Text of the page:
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Dylan Byers of Politico reports that Karl Rove appeared on Fox News two days after the election and asserted:

This will be the first president re-elected to a second term with a smaller percentage of the vote than he got in the first term.
After his national television debacle disputing the clear result in Ohio on election night, one would think that Mr. Rove would strive for a little accuracy - particularly with respect to a discrete and easily checked fact that is at the core of his area of expertise, presidential election results. But he did not.

Of our 43 different presidents (I don't count Grover Cleveland twice), 16 of them were re-elected to the presidency. Contrary to what Mr. Rove has asserted, several of them earned re-election with a smaller share of the popular vote than they won the first time around.

Let's start with the clear cases where Rove misstates the facts. According to Dave Liep's Atlas of Presidential Elections, in 1828 Andrew Jackson won the presidency with 55.93% of the popular vote, but he was re-elected in 1832 with 54.74% of the vote. In 1884 Grover Cleveland was elected with 48.85% of the vote, and after suffering defeat in 1888, he regained the presidency in 1892 with 46.02% of the popular vote.

Rove's statistic also overlooks the case of our fourth president, James Madison. In that era not all states chose electors by popular vote. Wikipedia tells us that in 1808 in the 10 states that did have a popular vote for president Madison won 64.7% of the popular vote. In winning reelection in 1812 in the nine states that chose electors with the popular vote Madison won only 50.4% of the popular vote.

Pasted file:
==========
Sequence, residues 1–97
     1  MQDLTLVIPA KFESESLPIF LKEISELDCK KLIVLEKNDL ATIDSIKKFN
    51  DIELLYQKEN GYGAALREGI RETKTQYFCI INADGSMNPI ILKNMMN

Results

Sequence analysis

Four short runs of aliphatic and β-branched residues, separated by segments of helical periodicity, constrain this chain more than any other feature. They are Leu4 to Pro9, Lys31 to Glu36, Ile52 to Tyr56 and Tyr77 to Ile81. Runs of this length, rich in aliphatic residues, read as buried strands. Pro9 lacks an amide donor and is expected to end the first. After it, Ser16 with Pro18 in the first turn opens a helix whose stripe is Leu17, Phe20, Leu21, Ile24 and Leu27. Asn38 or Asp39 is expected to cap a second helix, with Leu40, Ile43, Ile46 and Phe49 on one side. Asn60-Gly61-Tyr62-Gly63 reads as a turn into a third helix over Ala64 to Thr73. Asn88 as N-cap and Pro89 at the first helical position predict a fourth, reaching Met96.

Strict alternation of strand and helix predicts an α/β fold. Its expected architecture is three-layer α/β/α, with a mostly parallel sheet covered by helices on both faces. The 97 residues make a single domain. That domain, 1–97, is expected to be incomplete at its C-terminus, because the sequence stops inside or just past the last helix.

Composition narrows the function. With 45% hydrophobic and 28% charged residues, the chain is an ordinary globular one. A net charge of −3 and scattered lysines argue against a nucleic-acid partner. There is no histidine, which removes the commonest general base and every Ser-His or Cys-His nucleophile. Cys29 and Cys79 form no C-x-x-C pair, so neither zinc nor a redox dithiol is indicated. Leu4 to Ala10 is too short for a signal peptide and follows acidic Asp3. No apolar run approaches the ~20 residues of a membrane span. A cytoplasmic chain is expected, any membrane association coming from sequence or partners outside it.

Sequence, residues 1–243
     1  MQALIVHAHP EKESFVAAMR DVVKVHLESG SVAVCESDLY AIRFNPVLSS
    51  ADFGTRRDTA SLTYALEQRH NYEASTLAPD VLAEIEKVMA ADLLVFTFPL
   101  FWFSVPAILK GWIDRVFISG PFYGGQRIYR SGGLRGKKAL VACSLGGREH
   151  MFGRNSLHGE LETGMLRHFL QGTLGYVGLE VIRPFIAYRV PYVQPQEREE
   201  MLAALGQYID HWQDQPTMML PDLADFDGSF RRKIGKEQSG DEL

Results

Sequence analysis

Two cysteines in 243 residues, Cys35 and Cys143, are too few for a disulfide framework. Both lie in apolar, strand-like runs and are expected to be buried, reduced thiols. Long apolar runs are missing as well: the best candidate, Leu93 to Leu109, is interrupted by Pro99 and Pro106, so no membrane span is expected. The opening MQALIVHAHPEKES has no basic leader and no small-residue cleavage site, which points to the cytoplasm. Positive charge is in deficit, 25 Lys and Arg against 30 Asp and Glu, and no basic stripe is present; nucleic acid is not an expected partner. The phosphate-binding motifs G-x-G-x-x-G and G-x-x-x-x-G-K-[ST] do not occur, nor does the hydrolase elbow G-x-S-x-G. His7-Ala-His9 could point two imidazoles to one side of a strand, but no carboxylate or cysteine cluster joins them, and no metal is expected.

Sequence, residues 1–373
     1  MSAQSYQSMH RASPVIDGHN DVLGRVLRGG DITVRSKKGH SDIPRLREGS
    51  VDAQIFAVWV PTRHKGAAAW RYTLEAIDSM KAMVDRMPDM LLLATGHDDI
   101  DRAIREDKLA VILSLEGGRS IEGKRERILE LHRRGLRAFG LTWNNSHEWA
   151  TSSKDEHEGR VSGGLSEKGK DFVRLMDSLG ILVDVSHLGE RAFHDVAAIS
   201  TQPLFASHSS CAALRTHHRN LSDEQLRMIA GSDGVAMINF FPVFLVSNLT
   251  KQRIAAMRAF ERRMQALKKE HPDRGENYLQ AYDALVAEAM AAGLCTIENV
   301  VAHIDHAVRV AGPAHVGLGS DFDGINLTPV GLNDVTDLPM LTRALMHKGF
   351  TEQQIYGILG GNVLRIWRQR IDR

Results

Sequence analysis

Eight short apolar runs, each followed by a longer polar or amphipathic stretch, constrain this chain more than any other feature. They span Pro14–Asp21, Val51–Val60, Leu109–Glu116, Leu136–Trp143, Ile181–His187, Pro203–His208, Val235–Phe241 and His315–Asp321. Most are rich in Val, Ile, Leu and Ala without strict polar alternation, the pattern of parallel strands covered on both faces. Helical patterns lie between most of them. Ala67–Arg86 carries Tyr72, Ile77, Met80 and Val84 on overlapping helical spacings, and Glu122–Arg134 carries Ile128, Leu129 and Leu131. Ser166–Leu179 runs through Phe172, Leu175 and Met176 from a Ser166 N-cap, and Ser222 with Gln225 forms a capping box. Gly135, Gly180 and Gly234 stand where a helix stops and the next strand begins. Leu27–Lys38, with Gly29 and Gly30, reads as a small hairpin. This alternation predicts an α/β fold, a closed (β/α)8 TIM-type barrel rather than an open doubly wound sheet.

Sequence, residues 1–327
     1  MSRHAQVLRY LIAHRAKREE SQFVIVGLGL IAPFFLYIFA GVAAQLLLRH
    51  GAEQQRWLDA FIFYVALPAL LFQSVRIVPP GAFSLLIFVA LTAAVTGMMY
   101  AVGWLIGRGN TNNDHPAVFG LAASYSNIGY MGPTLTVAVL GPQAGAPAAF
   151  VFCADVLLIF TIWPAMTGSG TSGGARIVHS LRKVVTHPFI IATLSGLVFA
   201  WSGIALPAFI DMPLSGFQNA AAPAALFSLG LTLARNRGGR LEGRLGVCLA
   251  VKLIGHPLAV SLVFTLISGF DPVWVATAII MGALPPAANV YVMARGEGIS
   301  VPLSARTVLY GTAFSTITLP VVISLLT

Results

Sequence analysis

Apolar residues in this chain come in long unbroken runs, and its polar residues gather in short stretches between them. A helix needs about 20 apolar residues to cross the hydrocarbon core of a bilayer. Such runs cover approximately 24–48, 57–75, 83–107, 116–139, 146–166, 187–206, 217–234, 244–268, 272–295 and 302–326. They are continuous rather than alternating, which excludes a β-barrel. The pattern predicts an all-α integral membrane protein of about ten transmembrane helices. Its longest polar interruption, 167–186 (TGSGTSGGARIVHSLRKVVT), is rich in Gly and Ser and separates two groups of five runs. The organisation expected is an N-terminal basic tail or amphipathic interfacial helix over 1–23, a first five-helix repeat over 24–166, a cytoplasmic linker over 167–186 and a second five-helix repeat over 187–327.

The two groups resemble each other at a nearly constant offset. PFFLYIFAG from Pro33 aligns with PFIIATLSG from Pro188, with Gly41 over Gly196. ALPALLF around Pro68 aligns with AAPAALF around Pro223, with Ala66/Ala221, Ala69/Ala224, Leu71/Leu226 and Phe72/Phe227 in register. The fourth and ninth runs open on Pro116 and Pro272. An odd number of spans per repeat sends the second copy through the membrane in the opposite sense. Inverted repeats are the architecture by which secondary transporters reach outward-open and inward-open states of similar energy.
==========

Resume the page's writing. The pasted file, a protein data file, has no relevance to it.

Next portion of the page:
In other cases the fact that the president won re-election with a higher percentage of the popular vote was due in part to the presence of a strong third party candidate the first time he ran. In 1912 when Woodrow Wilson first won the presidency he was aided by the fact that the Republican Party was divided - Theodore Roosevelt and William Taft split the Republican vote, and Wilson won with 41.84% of the vote. In 1916 Wilson won a higher percentage of the popular vote (49.24%) when his only serious opponent was Charles Evans Hughes, but that's apples to oranges. The same thing occurred between 1992 and 1996, when Ross Perot's third party share of the vote declined from 18.91% to 8.40%, giving Bill Clinton a higher percentage of the popular vote the second time around.

Abraham Lincoln's case is even more problematic. In 1860 the Democratic Party was not only divided between Stephen Douglas and John Breckinridge, but John Bell of the Constitutional Union Party also drained votes from Lincoln, who earned 39.65 % of the popular vote. In 1864 Lincoln won re-election with 55.03% of the popular vote to 44.95% for George McClellan - but the 11 states of the Confederacy did not participate in the election.

And how shall we treat Franklin Delano Roosevelt? Jed Lewison has previously pointed out that FDR earned a smaller percentage of the popular vote in 1940 and 1944. Between 1932 and 1944 FDR's popular vote totals were 57.41%, 60.80%, 54.74%, and 53.39%. Was he not twice re-elected with declining shares of the popular vote?

Rove's assertion is demonstrably false.

Reposted from Will Huhn at wilsonhuhn.com

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